Tips for helping cats in your neighborhood

Before I got involved with animal welfare, I used to think to bring an animal to the shelter was the solution. The cat gets off the streets and is adopted and everyone gets a happy ending! Too bad it’s not as simple as that. And did I get an education in the last 5 years I’ve been involved with Project MEOW. Yes, if I take the cat to a shelter or rescue, he/she is off the streets. But many times, that only shifts the responsibility for the cat from me to an already overburdened system.

Let’s talk county shelters. These organizations are required to accept ALL the animals that are brought in. And there is a monster in the room: public shelters HAVE to euthanize for space – they simply have no other option. So yes, the cat would be off the streets for the day or maybe the week, but that doesn’t guarantee a happy ending.

What about private rescues? They’re probably better funded and not required to euthanize for space… right You’d be surprised at the different standards of care that exist from rescue to rescue. While rescues seem like they’re constantly pulling heroic feats by saving death-row kitties or dogs, the truth is that those efforts are often only possible because of private donations (and sometimes grants). Those are unreliable and can come and go. For small groups, it’s usually a losing battle trying to balance checkbooks. Depending on what IS in the bank, the amount of care a group can afford to give to animals in their care differs.

If you are wondering, Project MEOW cats are in foster homes for a reason. Our fosters provide the food, litter, and love so that Project MEOW can use whatever funding we have to cover extraordinary medical needs and the costs associated with TNR. Everyone who works with Project MEOW is an unpaid volunteer to help maximize the impact of our funds. And we have an innovative partnership with PAWS to help reduce our medical expenses and place our cats in loving families. Spoiler: we’ll be talking about this in a future post!
Before we get depressing, let’s talk about what you CAN do when you see a cat on the street and you’re concerned.

Tip #1: Leave ear-tipped cats alone. These cats have been TNR-ed and are of varying degrees of friendliness. If you’ve fallen in love with one because he won’t leave you alone and OMG that face, it’s perfectly acceptable to ask neighbors if someone is caring for him/her. Or, take a photo and reach out to local animal groups to ask if this is someone’s colony cat because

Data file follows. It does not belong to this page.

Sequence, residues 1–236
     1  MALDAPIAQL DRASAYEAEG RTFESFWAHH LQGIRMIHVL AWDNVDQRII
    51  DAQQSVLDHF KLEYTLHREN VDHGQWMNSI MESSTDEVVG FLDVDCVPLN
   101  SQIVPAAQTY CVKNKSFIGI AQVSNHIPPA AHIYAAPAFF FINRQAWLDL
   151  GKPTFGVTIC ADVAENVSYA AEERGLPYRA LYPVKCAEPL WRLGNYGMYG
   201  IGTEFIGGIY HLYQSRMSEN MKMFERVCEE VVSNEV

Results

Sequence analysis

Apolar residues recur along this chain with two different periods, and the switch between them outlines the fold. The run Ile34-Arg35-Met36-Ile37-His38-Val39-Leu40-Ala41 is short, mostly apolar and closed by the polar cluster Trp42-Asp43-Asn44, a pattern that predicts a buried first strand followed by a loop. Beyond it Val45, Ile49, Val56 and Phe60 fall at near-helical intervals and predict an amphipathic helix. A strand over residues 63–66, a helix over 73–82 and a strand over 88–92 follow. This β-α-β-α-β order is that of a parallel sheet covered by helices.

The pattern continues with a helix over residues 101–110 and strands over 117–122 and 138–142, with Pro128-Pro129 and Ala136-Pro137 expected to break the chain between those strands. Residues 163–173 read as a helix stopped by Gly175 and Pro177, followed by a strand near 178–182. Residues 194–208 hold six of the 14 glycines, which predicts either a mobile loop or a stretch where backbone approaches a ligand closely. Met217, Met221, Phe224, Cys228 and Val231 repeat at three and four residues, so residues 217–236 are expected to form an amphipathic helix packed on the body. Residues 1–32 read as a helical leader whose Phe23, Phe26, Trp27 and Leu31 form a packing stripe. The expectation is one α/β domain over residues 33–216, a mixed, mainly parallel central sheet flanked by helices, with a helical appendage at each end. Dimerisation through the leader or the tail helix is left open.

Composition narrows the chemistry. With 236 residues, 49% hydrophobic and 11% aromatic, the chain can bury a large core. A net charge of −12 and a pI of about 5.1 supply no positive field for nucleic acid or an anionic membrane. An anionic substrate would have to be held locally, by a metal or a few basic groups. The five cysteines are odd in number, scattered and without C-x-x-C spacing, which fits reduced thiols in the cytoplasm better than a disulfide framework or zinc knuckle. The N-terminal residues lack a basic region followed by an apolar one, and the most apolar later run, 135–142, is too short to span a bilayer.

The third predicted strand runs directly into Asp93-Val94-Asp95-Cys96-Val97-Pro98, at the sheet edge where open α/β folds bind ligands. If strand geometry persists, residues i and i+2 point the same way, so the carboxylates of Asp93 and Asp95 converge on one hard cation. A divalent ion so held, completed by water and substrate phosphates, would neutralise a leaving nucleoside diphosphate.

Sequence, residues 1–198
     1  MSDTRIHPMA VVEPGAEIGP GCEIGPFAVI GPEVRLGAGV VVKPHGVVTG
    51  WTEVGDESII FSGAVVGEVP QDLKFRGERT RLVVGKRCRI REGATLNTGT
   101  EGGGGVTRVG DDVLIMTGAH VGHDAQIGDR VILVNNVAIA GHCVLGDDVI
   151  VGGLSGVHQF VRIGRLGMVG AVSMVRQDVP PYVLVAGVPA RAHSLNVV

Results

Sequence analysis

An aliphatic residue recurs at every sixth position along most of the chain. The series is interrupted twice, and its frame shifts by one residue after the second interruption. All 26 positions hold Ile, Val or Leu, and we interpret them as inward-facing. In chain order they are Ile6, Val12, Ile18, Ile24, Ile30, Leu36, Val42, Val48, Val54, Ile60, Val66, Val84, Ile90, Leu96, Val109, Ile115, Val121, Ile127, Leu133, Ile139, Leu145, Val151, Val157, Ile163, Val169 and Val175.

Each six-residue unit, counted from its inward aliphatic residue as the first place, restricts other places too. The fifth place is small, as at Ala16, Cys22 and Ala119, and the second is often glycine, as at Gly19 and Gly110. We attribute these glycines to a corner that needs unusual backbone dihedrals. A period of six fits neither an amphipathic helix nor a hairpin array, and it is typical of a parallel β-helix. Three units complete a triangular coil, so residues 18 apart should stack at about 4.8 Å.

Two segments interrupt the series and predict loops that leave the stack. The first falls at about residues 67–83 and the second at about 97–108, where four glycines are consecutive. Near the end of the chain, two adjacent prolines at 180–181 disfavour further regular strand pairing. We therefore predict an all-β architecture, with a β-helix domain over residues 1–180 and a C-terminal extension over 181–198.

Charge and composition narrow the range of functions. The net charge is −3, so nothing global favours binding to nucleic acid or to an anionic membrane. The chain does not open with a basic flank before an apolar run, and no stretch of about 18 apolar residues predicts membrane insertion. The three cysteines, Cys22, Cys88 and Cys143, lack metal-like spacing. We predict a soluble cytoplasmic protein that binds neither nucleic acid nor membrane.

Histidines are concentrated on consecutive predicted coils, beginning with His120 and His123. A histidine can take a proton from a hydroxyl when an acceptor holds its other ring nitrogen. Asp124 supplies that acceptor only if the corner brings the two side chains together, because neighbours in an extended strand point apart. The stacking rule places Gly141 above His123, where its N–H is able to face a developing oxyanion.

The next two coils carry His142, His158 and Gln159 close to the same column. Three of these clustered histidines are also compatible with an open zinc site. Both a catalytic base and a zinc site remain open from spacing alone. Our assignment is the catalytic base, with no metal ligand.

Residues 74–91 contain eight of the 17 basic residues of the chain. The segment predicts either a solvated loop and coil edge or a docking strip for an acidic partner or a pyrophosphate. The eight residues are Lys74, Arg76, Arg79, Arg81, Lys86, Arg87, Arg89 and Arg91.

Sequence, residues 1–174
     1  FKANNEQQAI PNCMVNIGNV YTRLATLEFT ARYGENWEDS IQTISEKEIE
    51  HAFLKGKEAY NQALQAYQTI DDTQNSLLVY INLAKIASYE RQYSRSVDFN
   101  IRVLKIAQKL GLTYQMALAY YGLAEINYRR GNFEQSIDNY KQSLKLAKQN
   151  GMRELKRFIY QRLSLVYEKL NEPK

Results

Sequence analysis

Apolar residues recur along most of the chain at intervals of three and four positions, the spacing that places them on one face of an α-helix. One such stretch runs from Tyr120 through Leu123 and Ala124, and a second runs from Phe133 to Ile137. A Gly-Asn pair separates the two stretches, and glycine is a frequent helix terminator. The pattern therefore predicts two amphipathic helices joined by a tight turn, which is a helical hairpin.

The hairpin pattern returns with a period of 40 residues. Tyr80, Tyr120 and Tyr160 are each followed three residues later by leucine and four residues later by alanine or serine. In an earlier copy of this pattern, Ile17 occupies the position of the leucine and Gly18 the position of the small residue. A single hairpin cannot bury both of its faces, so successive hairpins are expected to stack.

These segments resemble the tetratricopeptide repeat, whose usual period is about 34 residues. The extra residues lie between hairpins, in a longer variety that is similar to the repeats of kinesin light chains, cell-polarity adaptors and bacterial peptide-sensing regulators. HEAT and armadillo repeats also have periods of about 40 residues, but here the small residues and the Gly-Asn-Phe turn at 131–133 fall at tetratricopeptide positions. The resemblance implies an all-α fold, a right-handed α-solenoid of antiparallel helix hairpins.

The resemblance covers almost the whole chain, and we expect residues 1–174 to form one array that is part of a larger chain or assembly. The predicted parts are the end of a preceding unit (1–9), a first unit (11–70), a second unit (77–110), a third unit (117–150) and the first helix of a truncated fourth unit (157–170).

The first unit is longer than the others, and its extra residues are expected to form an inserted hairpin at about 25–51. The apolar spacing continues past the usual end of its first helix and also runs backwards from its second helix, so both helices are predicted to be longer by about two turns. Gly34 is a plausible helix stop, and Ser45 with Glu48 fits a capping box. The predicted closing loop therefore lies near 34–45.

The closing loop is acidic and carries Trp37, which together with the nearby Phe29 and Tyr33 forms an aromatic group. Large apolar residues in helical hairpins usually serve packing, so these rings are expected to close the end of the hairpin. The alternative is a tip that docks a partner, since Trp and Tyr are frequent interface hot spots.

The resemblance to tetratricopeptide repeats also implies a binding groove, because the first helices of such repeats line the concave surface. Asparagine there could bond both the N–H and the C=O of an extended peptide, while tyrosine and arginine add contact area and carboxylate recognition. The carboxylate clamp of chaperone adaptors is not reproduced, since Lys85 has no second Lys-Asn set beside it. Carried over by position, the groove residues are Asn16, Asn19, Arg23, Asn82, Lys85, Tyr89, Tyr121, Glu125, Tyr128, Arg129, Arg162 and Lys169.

you’d like to adopt him/her. Also try being there around breakfast and dinner time to see if anyone feeds the kitty. (And you can bribe kitty with food too.)

Tip #2: ALWAYS ask for a microchip scan. If you’ve picked up a kitty and are wondering if it belongs to someone, go for the microchip scan. Every public shelter and 99.9% of vet offices are equipped with a scanner and most will scan a cat for free. Make sure it’s a full body scan since microchips can migrate. If they are not super busy, ask for them to scan twice, just to be sure.

Tip #3: Be honest about where you picked up the cat. As rescues and county shelters start to recognize that “aggression” can be due to stress or fear, they are moving towards releasing cats back where they were picked up whenever possible. By being honest about where you found the cat, you just maximized the chance of a colony cat or an indoor-outdoor kitty returning home to his/her territory and probably a worried caretaker.

Tip #4: Take photo(s) of the cat and spend 5-10 minutes posting on social media and neighborhood listservs. You never know who is out there frantically scrolling, trying to find Mr. Boo who dashed out the door late one night. And if you can, make posters with the cat’s photo and where you’ve taken the cat so an owner walking the streets can get there immediately and reclaim his/her cat. Be aware that certain public shelters have a “hold period” after which the cat is at risk for being euthanized so the sooner you start posting, the better.

Tip #5: Offer a donation to help with the cost of caring for the kitty. Sometimes foster homes can only take an additional cat with help buying food and supplies or help covering medical bills.

Tip #6: Follow up with the kitty! Most places don’t mind if you “check-in” on how the cat you dropped off is doing. Personally, Project MEOW welcomes the check-in. And we’d be absolutely thrilled if you offer to spread the word about kitty. Even a simple “hey, picked up this lovely kitty from the streets and she is now with Project MEOW – hit them up if you want to foster/adopt the sweetheart” is sometimes enough for the kitty to get adopted. Small effort, big impact.

All of this applies for cats who are healthy looking. If the cat looks like he/she is suffering (bleeding, walking around confused, rail thin, matted fur, etc.) forget the debate between public vs. private rescues. Contact them all and see who can respond – your priority is getting the cat help RIGHT NOW. Yes, the cat may be euthanized later, but if you don’t do something right now, he/she may die a slow and agonizing death. Bring the cat to a vet, get them help and a diagnosis. And then go through tips #1-6. The big cities have low cost clinics that will do a preliminary examination of the kitty if money is tight.

And like always, please foster/adopt/volunteer/donate whenever possible. Be vocal about your support. Animal welfare is a community effort: Join us and be part of that community.